You can enter the four FON parameters for the included species in section 4. The underlying concepts of the FON approach adopted from the KiWi model are outlined in Figure 10 and are briefly described in the following: 

Basically, a field of neighborhood is of a discrete size given by its radius around the trunk the tree it belongs to. With increasing diameter at breast height the radius of the FON rises according to the powerlaw r = a x dbh ^ b (compare Figure 10), with a, b representing the 2 parameters of the expansion function and dbh once again being the diameter at breast height.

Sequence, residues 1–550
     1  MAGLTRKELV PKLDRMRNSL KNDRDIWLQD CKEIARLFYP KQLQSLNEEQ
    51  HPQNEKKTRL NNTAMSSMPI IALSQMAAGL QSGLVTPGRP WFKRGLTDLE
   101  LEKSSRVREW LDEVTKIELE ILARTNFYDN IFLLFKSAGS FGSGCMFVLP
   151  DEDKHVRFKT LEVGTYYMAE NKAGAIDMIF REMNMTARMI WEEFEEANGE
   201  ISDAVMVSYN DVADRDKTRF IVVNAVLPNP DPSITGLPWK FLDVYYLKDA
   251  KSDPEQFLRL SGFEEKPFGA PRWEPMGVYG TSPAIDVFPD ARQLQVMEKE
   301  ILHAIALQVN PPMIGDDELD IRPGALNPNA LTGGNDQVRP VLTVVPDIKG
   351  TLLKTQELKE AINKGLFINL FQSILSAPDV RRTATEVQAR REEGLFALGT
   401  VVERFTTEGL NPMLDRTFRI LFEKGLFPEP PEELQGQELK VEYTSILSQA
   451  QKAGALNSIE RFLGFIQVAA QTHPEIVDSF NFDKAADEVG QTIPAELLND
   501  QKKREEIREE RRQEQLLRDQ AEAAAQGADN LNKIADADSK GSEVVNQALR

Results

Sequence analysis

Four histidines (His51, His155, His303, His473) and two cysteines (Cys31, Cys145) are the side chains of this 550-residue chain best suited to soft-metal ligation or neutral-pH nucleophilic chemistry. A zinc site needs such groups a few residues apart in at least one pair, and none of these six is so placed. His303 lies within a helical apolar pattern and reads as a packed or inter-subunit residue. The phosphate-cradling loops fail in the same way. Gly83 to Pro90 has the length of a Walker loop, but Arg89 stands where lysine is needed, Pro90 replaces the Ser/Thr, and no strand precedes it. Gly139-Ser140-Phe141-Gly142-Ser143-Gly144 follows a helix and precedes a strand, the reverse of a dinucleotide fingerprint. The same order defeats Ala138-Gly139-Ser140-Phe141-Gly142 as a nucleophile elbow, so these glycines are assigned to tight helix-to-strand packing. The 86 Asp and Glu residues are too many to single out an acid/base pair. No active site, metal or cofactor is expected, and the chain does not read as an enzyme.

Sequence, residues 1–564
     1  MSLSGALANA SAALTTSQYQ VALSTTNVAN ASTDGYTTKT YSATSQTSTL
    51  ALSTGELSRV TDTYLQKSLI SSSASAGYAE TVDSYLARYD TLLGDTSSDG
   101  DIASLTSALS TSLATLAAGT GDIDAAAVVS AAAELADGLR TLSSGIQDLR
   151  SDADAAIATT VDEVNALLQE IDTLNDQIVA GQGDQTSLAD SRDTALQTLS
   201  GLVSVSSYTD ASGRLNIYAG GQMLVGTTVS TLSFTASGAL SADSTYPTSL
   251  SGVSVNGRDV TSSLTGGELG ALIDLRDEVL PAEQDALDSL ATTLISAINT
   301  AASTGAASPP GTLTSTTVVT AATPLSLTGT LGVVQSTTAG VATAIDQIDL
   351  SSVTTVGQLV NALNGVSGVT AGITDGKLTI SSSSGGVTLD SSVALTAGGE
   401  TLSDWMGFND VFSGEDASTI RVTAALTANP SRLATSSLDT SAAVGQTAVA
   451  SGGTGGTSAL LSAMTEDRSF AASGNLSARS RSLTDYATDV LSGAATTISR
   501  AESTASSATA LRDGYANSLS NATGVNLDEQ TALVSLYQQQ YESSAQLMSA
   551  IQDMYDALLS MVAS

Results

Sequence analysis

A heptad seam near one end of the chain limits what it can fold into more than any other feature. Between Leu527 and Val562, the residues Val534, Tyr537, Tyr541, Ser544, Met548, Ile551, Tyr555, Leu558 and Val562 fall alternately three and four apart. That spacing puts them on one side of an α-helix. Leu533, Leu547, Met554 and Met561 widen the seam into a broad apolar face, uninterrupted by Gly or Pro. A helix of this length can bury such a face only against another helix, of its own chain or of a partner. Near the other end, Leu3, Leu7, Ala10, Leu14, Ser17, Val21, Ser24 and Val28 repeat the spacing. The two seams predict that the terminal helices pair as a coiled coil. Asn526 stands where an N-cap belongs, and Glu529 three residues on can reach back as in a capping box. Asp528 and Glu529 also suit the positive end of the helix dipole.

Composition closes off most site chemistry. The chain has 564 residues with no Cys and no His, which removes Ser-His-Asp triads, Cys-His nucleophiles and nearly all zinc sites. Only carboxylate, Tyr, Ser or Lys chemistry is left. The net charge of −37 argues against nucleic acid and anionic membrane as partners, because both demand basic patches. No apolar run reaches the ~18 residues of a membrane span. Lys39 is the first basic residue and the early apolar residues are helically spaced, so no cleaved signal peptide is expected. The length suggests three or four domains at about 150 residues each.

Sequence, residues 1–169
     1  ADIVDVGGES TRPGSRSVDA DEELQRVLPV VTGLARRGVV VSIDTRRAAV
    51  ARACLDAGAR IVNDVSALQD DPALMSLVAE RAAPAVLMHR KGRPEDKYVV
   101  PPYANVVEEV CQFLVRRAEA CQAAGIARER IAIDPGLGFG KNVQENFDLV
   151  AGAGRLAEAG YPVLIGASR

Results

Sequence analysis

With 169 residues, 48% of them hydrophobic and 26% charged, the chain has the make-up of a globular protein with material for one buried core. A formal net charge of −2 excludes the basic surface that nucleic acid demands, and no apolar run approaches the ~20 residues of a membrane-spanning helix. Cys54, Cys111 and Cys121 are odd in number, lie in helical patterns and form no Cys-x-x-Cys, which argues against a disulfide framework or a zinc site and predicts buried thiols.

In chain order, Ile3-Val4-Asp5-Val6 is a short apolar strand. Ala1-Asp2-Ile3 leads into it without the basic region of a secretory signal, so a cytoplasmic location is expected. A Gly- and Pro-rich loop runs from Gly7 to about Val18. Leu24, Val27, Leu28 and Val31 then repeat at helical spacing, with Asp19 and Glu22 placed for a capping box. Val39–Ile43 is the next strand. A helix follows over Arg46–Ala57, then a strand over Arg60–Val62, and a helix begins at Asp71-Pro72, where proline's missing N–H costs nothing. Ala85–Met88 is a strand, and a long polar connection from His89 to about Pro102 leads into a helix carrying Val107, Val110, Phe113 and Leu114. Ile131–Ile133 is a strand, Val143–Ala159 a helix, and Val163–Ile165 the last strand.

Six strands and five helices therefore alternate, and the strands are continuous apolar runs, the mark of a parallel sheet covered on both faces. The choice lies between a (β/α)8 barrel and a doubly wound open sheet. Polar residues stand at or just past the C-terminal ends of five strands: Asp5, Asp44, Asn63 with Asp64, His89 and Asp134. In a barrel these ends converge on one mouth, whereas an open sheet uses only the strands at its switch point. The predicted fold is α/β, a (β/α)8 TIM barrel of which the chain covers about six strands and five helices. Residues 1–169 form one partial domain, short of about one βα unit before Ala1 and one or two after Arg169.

The intensity field declines sexponentially  starting from an I_max inside the trunk and ending with a fraction of I_max given by the parameter I_min at the field radius. An I_max of 1 ensures that no tree can grow inside the trunk of another tree. 

The competitive influence a focal tree exerts on a neighbor tree is dependent on the local intensity of the first and on the overlapping FON area. 

Finding possibly overlapping fields is a repuirement of the FON approach. Since a simple search among all the thousands trees inhabiting the simulated forest stand consumes large amounts of computational time, the origianl KiWi model made usage of a Hilbert R tree routine to accomplish this at fast computational speed. For several reasons this approach has been replaced in MesoFON by the Priority R Tree algorithm (Arge et al. 2004).